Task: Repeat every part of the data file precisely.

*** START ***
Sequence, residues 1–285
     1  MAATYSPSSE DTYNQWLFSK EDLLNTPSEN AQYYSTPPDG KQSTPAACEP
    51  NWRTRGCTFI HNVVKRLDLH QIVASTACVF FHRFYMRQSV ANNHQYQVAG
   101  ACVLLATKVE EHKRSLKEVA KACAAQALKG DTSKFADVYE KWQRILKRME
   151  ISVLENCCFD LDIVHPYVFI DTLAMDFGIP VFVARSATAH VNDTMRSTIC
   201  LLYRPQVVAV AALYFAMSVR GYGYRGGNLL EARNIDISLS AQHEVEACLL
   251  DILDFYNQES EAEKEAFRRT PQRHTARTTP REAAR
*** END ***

Sequence, residues 1–285
     1  MAATYSPSSE DTYNQWLFSK EDLLNTPSEN AQYYSTPPDG KQSTPAACEP
    51  NWRTRGCTFI HNVVKRLDLH QIVASTACVF FHRFYMRQSV ANNHQYQVAG
   101  ACVLLATKVE EHKRSLKEVA KACAAQALKG DTSKFADVYE KWQRILKRME
   151  ISVLENCCFD LDIVHPYVFI DTLAMDFGIP VFVARSATAH VNDTMRSTIC
   201  LLYRPQVVAV AALYFAMSVR GYGYRGGNLL EARNIDISLS AQHEVEACLL
   251  DILDFYNQES EAEKEAFRRT PQRHTARTTP REAAR